It's not heavenly light, b!*&#.

by Joey Delgado

He stopped believing in God when he learned how balls worked. 

Spermatocytes turned into spermatids and spermatids turned into spermatozoa, the transition taking place in tiny loop de loops called the seminiferous tubules which contain at least three different cells needed for the process. Even in the most simplified explanation, to him, the testicle's physiology was too layered, too elegant to be the product of an intelligent designer shooting magical, life-creating plasma blasts out his fingers. Things living and dying over millennia, perfecting the recipe, that's what got us where we are now. He assumed most everyone else in his class felt the same. 

She sat in front of him. Her name was Esther and sometimes her hair brushed across his desk. On more than one occasion he leaned forward and breathed deep the Pantene. She was the kind of woman who inspired a car ride full of rehearsed hellos. “Hey, Esther.” “Esther, hey!” “How's it going, Esther?” “Esther. There she is.” “How do you like the weather, Esther? Weather, Esther. Hey, it rhymes…No?”

He took her to bar a in town, the kind where chubby guys in tight t-shirts spoke in a mashup of  quotes from cult television shows and social media shorthand. At one point, Esther shushed him so she could eavesdrop on a heated conversation between a couple of neckbeards. They compared what “fucking tweeny motherfuckers” were doing to EDM with what the Baby Boomers did to Facebook. She looked at him and smiled. “What the fuck are they talking about,” she said. He shrugged and fell in love. 

“Why nursing?,” she asked. He told her he was fascinated by the sciences, by the application of care backed by theory and facts. It's kindness with purpose, he said. 

“And you?”

“The sciences, everything in the body, it's all connected.”


“After learning all this stuff…,” she trailed off, looked into her martini.

“Yeah?” He was encouraged.

“I was raised Catholic, but until now I was never so sure of God's…God's what? I guess His hand in everything. In all this.” She waved her arm, a smooth, sweeping motion signifying the whole world.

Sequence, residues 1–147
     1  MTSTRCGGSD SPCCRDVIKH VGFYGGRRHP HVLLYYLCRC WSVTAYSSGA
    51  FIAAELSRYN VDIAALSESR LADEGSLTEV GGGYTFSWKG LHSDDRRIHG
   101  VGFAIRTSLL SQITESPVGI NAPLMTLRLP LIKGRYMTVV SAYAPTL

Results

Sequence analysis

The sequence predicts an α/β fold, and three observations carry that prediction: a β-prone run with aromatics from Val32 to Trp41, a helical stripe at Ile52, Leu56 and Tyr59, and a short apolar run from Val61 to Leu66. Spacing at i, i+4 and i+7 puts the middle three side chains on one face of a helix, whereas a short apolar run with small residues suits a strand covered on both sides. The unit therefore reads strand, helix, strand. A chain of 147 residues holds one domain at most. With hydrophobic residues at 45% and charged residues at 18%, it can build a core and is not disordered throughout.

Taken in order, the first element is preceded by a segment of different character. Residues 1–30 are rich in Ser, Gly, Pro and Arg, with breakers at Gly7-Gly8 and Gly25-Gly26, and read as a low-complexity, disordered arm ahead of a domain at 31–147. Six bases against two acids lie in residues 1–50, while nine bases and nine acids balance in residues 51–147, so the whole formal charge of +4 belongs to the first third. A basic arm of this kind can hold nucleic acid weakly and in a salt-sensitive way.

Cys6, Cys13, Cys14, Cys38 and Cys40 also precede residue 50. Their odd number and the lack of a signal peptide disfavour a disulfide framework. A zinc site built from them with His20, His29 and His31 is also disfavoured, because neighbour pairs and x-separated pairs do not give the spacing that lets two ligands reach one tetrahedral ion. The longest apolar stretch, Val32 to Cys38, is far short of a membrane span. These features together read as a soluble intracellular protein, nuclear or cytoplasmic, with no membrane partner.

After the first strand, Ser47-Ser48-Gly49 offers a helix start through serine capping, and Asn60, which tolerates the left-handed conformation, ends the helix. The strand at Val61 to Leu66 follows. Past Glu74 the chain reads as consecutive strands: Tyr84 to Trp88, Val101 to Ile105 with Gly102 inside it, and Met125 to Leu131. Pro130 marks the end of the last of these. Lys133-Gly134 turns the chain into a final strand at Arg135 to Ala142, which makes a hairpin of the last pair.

“Yeah,” he said. “Sure, yeah. No. Yes, yes. I get that. No, I do very much.”

“It's silly.”

“Yes, no, no, no.”  He smiled at her. Lie your ass off, he thought. Lie, get the check, and take her home. 

For months he put up with her finding God in everything. When someone died, when her friend found a stray cat in the street, when a traffic jam made them late for a movie and they watched a different movie that reminded her of a deceased aunt, all of it was attributed to God's master plan. The rays of light poking through heavy cloud cover? “That's heavenly light,” she'd say. “God's love shining down.”

He told her about the balls, about his recent epiphany. He couldn't keep quiet any longer.

They fought after he told her. They fought every day. He called her basic and naive. She called him soulless and closed-minded.

Things turned from bad to irreparable on a day they were carpooling to school. She was telling him about a medical miracle she read in the news, asking him how, how, how could he not believe God was involved. Then she saw sunshine coming through the clouds and immediately stopped talking. She pointed, opened her mouth, and said, “See—

“It's not heavenly light. It's sunlight. It's just sunlight shining through breaks in the clouds. That's it. Jesus. It is not heavenly light, bitch.” He knew he shouldn't have said it, knew she didn't deserve it, and he was sick about how good it felt. 

A minute passed before she said anything.

“You're so enlightened. Uh-uh, you're a sexist asshole. That's why your newfound ideas about life came from balls. You're a sexist, misogynist asshole.” 

They walked to class in silence, and when her hair brushed his desk he moved to the other side of the room.